When I got my first DSLR I couldn’t wait to shoot RAW because that was what all the pros were shooting and therefore it must be better than any other format. I’ve been shooting RAW (converted to the dng format) for years now and it has been working out well for me, probably because I like to edit and the format was easy to work with in Lightroom, which seemed to be made for the RAW format. I’ll even admit that I never shot a jpg with either the D80 or the D610 until recently. I’ve read several photo blogs by photographers I respect and they mentioned that they now shoot jpgs exclusively because the newer cameras have beautiful jpg renditions on their files and are very satisfied with the results. I decided to see for myself if the D610 and Lightroom could produce acceptable jpgs. I set the camera to record a RAW and fine jpg for each shot. I picked this shot to demonstrate because it had a a lot of white, some black and a few good colors to match. While some might say that skin tones make the true test, I picked this one to show, although I did have a lot of skin tones from family portraits shot on a different day but with similar light conditions.
The two shots above show the RAW file and the jpg file edited in Lightroom 5. The edits were very close to being the same for both files but my intention was to try to match each file without too much effort. I first edited the RAW file as I normally would for this type of photo and then I tried to match the same look with the jpg. Time spent: less than 2 minutes for the Raw file and then I synced the jpg file to have the same edits (lightly tweaked).
The two shots below are the unedited dng and jpg files:
The obvious question is “Why should a jpg file need to be edited?” The answer is that it probably doesn’t need to be edited at all and it’s fine just as it comes from the camera. I think some who look at the unedited file would be very satisfied with it. But editing is a personal choice and I prefer the edited versions. I’ve never published a photo that wasn’t somehow edited. And I like to edit. I wonder about those photographers that switched from RAW to jpg if they have reduced their edit time.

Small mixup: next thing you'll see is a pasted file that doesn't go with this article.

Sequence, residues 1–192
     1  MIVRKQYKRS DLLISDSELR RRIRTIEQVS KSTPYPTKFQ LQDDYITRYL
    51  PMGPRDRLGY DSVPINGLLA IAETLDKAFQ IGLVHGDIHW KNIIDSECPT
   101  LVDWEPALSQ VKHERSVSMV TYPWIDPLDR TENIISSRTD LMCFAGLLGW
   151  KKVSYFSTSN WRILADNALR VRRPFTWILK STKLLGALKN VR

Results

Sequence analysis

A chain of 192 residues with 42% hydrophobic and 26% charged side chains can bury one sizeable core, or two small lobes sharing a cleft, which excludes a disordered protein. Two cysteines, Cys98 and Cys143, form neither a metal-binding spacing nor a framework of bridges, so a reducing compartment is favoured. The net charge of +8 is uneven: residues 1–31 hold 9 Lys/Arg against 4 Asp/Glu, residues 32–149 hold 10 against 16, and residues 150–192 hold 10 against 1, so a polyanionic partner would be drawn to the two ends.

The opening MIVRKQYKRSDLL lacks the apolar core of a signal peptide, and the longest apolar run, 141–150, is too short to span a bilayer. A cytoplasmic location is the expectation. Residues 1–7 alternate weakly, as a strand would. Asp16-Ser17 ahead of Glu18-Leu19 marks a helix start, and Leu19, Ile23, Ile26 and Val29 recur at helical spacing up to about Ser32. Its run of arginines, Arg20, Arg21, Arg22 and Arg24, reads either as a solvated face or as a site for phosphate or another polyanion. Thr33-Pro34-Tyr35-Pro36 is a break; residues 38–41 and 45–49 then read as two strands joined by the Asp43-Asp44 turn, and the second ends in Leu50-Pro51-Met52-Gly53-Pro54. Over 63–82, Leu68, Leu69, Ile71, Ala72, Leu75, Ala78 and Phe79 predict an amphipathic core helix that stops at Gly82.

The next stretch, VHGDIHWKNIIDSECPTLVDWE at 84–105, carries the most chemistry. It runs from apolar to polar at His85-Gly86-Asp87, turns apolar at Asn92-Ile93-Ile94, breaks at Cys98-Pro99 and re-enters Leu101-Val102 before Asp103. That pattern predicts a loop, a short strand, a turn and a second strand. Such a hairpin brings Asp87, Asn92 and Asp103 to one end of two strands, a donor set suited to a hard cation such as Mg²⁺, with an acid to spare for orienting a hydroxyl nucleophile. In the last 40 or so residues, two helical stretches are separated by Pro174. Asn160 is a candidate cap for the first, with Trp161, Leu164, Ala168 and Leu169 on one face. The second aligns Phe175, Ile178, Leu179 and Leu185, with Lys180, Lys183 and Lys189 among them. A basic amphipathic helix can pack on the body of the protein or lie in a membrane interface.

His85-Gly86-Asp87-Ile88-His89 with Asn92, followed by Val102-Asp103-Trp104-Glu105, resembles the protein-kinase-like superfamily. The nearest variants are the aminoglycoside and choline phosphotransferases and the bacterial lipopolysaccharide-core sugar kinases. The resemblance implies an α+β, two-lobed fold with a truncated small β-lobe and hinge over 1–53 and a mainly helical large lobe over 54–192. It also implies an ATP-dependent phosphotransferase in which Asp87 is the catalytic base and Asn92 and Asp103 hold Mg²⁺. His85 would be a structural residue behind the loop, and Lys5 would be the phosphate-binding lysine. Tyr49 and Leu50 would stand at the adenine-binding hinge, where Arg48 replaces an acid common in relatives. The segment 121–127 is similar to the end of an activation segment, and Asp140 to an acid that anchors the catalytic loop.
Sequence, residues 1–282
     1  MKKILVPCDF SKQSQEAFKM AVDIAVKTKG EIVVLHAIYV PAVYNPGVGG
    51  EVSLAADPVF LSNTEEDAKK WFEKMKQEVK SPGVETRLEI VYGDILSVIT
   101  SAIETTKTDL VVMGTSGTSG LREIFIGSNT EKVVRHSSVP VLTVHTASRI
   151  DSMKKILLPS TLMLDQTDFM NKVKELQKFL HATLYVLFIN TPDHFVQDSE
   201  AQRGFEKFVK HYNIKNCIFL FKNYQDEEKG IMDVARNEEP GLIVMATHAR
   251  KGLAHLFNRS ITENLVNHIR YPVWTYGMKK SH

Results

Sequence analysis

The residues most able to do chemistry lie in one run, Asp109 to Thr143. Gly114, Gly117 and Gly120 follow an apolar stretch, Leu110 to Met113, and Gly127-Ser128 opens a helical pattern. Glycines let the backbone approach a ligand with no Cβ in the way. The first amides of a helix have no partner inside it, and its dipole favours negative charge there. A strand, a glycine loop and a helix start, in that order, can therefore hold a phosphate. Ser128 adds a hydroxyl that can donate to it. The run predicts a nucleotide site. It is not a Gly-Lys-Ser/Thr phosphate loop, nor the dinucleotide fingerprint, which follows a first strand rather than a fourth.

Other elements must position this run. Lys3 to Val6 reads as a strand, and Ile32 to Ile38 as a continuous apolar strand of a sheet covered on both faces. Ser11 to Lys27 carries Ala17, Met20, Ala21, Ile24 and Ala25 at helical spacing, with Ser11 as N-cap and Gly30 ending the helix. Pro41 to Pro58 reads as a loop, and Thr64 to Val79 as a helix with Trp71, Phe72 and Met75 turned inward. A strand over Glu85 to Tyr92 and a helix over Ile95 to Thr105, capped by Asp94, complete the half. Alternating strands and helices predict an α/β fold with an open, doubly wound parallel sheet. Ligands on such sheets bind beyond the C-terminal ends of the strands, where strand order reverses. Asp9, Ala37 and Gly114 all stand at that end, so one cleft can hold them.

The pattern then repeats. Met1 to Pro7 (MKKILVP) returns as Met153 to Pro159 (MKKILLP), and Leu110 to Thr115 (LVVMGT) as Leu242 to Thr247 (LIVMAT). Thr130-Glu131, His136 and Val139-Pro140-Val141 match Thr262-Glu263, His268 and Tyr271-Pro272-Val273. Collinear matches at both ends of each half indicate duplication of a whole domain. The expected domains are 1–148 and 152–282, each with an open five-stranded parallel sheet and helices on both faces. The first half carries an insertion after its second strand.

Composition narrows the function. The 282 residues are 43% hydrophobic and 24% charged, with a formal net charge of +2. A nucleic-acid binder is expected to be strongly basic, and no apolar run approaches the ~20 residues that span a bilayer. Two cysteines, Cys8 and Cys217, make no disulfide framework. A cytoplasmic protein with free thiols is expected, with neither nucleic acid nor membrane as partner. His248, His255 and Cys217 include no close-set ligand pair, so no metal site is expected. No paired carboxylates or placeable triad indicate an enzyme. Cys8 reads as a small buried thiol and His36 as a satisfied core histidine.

Another benefit to shooting jpg over RAW is file size. The dng RAW file is 24.4 MB and the jpg is 7.8 MB, about one third the size of the RAW file. I know storage is cheap these days but it’s not free.
I’ll throw in two more edited shots of the same files viewed at 1:1 as Lightroom perceives:
I made these files just to show how the detail has held up in the jpg. They are both 25.067 x 16.733 inches and both at 240 ppi @ 16 bits.
Another benefit to shooting jpg is that, because of the smaller file size, the burst rate is much faster than shooting RAW. That’s not too important for shots like this but if you shoot sports or any action photos, it could be the difference between getting the best shot and missing it.
I’d be interested in what other photographers have to say about this subject and what their own preferences are since this is based solely on the D610.
Some photos just look better in black and white and I think that a lot of folks agree with that. I’ve been using Lightroom, Silver Exex Pro 2 and a Topaz plugin for years and they are all fine at conversions. I’ve had the ON1 suite for about a year and a half and I’m just getting around to using the B&W module and I’m very impressed. With the B&W module, users have a lot of control with the brush system they use throughout their suite and there are many presets which are great on their own and can be also be customized for each photo. ON1 suite is now version 9 and I’m not sure what differences there are in each of the modules but usually these plugins get better with each new version. They do offer a trial version of the entire suite which you should take advantage of before purchasing.